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Itinerant Story - first person platforming in an infinite procedural world

https://youtube.com/watch?v=Qv8RFkFM8hI

http://itinerantstory.com/assets/horizontal_rule.png

Itinerant Story is a first person parkour platforming game with procedurally generated levels. It features movement mechanics reminiscent of games like Mirror’s Edge, but with procedural levels more reminiscent of “roguelike” games like Spelunky or Super House of Dead Ninjas.

Vote for it now on Steam Greenlight!

http://itinerantstory.com/assets/sample_logo_dark.png

The concept for the procedural generation was inspired by Spelunky, basically I’m generating 10 meter by 10 meter “tiles”, that are usually about 4 meters tall, the rooms have logic for generating what’s inside of them, the level just places them and gives the tiles some contextual information about where it is in a level. The level generates a 50 by 50 “region” of these “rooms”. The levels are currently made up of three of these ‘regions’. I intend to also have pre-fabricated scenes, to help add more level designy-elements to the game.

http://itinerantstory.com/assets/ScreenShot00893.png

Well the procedural generation stuff has changed and isn’t great. But, parkour works better now!

https://youtube.com/watch?v=4QV1XERoESw

I just moved my parkour platforming code over from blueprint to C++, which I do recommend using blueprint for rapid prototyping, I think C++ gives superior control over things and is really where you should ultimately go.

So I started with the C++ FPS template (which extends the ACharacter class), and then extending the Character Movement Component.

What I mean by “parkour” at this moment is specifically wallrunning (both vertical and horizontal - plus the ability to jump while wallrunning) and a simple version of what I’m calling “ledge vaulting” (similar to ledge hanging, but instead of hanging, the character throws themselves onto the platform rapidly instead of just hanging there.) I’ve accomplished these things by extending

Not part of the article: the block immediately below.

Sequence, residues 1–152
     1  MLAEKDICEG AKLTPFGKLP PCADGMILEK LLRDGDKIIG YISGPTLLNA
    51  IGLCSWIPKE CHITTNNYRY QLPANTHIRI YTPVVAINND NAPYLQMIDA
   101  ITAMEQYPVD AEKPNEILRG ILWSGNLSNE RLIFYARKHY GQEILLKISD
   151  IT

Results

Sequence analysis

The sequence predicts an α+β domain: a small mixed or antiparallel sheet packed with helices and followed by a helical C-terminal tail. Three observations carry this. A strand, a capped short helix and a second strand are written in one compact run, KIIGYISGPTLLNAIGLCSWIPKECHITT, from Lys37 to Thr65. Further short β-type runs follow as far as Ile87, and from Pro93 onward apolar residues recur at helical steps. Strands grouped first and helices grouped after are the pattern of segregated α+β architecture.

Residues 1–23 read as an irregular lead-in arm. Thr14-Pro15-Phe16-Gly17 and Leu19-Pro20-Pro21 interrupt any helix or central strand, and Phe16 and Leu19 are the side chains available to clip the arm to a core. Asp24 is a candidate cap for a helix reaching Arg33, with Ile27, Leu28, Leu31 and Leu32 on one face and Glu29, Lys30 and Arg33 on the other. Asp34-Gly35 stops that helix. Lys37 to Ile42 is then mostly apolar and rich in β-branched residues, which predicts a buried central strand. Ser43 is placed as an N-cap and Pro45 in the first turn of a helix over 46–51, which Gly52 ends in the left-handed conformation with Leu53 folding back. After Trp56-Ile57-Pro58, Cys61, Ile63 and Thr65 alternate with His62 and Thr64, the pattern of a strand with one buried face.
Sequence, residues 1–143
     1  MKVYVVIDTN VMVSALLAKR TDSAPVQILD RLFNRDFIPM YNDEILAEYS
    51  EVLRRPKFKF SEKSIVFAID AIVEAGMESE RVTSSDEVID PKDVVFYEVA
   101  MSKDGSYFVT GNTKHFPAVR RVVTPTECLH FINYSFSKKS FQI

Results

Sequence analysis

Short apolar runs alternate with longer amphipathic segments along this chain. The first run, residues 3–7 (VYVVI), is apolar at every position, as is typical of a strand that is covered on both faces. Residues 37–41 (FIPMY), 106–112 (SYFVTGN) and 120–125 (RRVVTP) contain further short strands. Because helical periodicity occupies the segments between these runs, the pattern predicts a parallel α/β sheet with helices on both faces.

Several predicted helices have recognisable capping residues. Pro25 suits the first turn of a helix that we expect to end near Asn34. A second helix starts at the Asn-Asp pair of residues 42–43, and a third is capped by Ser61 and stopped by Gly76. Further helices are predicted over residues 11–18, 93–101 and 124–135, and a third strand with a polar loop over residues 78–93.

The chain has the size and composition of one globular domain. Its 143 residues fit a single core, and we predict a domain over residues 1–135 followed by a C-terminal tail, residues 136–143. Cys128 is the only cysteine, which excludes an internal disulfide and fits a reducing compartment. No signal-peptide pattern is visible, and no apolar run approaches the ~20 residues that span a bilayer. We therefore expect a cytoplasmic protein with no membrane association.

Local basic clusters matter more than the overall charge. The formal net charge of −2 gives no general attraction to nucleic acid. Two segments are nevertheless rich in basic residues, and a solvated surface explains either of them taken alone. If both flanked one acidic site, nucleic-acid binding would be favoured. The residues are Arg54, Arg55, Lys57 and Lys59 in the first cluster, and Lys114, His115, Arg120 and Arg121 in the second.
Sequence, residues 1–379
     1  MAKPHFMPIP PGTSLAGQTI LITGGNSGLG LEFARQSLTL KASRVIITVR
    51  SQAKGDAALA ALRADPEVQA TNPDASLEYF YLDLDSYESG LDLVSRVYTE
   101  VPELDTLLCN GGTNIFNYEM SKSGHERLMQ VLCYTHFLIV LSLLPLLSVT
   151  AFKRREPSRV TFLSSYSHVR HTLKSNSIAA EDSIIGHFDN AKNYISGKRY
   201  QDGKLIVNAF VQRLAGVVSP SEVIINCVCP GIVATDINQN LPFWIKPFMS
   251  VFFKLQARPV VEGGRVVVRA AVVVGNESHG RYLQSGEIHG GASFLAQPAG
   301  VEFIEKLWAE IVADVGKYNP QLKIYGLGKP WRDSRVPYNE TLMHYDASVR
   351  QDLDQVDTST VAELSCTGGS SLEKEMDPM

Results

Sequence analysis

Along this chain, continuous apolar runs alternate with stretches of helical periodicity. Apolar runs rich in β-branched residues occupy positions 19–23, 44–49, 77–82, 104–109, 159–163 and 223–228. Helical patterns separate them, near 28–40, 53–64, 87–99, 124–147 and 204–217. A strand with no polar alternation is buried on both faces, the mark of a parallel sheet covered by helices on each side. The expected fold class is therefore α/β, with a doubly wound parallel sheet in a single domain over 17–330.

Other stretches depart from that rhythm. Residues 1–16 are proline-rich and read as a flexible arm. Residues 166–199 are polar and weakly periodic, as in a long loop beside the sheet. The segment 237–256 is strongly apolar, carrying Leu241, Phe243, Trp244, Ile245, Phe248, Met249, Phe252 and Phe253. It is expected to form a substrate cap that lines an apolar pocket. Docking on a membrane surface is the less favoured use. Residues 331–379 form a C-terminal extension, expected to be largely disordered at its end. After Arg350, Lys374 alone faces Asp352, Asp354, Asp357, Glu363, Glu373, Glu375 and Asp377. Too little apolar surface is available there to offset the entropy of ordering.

virtual void ACharacter::MoveBlockedBy(const FHitResult& Impact) override;
void ACharacter::Landed(const FHitResult& Hit);

void UCharacterMovementComponent::OnMovementModeChanged(EMovementMode PreviousMovementMode, uint8 PreviousCustomMode);
virtual void UCharacterMovementComponent::PhysFalling(float deltaTime, int32 Iterations);

MoveBlockedBy() and PhysFalling() are the important ones. MoveBlockedBy seems to be called whenever your velocity is decreased because you’re colliding with something (usually a wall) crucially, it is called regardless of your movement mode (for some reason I thought it’d only be called when you’re walking - I needed it when “falling” so it worked out.) I detect the edges using code inspired by something I saw somewhere on these forums, it does a line trace starting from a point 600cm above and 42.01cm in front of the character and sends it downwards. If it finds a platform, it does another line trace, this time from the character to a point just above the platform, to see if the character can reach the point, then if that works it launches the character towards the point (presently I’m actually using the SafeMoveUpdatedComponent function to move the character, but I haven’t the foggiest idea if that’s actually a good way to go about it - I’m guessing not, but it works for now.)